A mixed economy is an economy that has a mix of economic systems. ... Health care or healthcare is one of the worlds largest and fastest growing professions. ... Childcare is the act of caring for and supervising minor children. ... Capitalism generally refers to a combination of economic practices that became institutionalized in Europe between the 16th and 19th centuries, especially involving the right of individuals and groups of individuals acting as legal persons (or corporations) to buy and sell capital goods such as land, labor, and money (see finance... In economics, consumers are individuals or households that consume goods and services generated within the economy. ... For other uses, see Fair trade (disambiguation). ... Free trade is an economic concept referring to the selling of products between countries without tariffs or other trade barriers. ... Social security primarily refers to social welfare service concerned with social protection, or protection against socially recognized conditions, including poverty, old age, disability, unemployment and others. ... A progressive tax, or graduated tax, is a tax that is larger as a percentage of income for those with larger incomes. ... Environmental movement is a term often used for any social or political movement directed towards the preservation, restoration, or enhancement of the natural environment. ... Greens are people who support some or all of goals of a Green Party without necessarily working with or voting for that or any party. ... Global warming refers to the increase in the average temperature of the Earths near-surface air and oceans in recent decades and its projected continuation. ... Alternative energy is energy derived from sources that do not harm the environment or deplete the Earths natural resources. ... The term multiculturalism is used to describe the recognition of cultural and ethnic diversity within the demographics of a particular social space. ... This article concerns secularity, that is, being secular, in various senses. ... Social Progressivism is a political ideology oposite to Social conservatism. ... Same-sex marriage is marriage between individuals who are of the same legal or biological sex. ... A countrys foreign policy is a set of political goals that seeks to outline how that particular country will interact with other countries of the world and, to a lesser extent, non-state actors. ... Human rights are rights which some hold to be inalienable and belonging to all humans. ... Multilateralism is an international relations term that refers to multiple countries working in concert. ... Human rights are rights which some hold to be inalienable and belonging to all humans. ... Social rights refer to what are usually positive rights, which ensure to all people a fair standard of treatment. ... Civil rights or positive rights are those legal rights retained by citizens and protected by the government. ... Civil liberties is the name given to freedoms that protect the individual from government. ...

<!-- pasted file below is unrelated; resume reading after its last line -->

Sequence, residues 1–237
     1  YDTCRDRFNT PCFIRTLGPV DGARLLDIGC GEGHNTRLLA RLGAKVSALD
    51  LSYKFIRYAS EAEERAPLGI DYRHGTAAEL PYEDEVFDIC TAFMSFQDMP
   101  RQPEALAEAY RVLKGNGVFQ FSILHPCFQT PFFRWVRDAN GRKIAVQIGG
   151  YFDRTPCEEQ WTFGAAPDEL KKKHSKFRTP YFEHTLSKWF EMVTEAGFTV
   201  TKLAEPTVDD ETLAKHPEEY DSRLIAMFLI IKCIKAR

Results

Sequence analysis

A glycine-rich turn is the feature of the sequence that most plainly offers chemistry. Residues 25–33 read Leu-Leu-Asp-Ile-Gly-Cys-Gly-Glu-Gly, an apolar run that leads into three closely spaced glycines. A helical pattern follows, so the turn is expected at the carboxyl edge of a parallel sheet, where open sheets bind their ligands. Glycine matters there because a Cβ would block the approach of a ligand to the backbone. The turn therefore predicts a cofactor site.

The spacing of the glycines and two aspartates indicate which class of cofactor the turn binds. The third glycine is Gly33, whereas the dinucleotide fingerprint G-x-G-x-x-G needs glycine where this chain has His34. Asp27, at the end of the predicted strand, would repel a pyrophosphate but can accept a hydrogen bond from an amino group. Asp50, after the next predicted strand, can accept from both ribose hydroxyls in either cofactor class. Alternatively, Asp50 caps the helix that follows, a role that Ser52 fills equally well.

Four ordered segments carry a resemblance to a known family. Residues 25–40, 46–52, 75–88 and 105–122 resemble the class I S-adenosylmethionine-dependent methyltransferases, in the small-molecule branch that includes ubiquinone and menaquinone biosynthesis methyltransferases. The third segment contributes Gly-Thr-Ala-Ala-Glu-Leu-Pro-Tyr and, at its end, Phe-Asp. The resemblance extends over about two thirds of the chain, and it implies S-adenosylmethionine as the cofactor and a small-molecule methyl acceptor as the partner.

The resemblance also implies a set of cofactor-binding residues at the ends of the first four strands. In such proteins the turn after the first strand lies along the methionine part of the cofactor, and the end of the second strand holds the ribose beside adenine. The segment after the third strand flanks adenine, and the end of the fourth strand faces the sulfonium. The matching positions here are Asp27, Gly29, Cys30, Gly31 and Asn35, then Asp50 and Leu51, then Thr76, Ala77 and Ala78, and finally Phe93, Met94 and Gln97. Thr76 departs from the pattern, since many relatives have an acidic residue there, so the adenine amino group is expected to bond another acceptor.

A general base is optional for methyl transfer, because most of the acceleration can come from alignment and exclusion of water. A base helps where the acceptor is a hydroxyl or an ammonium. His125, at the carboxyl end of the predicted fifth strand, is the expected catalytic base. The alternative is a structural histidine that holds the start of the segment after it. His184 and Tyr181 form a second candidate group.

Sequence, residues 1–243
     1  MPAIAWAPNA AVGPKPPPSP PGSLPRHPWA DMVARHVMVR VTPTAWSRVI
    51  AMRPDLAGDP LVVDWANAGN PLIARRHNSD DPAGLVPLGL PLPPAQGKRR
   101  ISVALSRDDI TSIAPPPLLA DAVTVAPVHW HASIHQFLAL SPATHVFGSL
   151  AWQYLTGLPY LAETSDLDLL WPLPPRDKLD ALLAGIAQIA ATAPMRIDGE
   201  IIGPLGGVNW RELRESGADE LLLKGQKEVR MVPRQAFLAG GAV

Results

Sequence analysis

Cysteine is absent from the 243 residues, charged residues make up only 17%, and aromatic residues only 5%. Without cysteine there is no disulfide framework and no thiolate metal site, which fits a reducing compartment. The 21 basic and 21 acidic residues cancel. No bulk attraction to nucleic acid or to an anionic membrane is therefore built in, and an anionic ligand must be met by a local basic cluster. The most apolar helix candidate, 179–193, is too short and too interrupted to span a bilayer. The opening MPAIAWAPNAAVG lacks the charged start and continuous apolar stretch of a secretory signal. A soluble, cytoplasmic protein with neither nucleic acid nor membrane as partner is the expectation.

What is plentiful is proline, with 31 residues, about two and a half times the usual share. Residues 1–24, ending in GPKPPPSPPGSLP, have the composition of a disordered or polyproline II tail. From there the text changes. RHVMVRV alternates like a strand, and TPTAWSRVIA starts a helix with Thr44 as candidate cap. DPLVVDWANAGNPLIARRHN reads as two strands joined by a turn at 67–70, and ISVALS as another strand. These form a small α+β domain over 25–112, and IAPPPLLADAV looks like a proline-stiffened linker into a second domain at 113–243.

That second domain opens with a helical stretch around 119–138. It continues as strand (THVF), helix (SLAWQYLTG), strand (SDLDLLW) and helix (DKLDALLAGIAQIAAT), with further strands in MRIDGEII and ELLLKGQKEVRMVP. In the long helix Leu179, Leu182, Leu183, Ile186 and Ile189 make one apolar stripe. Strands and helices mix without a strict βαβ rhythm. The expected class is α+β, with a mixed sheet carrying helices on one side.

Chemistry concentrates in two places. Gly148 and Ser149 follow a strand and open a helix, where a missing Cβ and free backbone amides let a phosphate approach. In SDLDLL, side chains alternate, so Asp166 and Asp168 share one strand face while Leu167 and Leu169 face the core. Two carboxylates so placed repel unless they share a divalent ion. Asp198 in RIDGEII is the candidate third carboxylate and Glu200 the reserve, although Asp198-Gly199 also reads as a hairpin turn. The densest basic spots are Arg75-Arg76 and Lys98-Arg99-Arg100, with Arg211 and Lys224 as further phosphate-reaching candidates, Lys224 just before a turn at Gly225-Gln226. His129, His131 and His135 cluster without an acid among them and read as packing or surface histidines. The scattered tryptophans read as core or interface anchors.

Social democratic political parties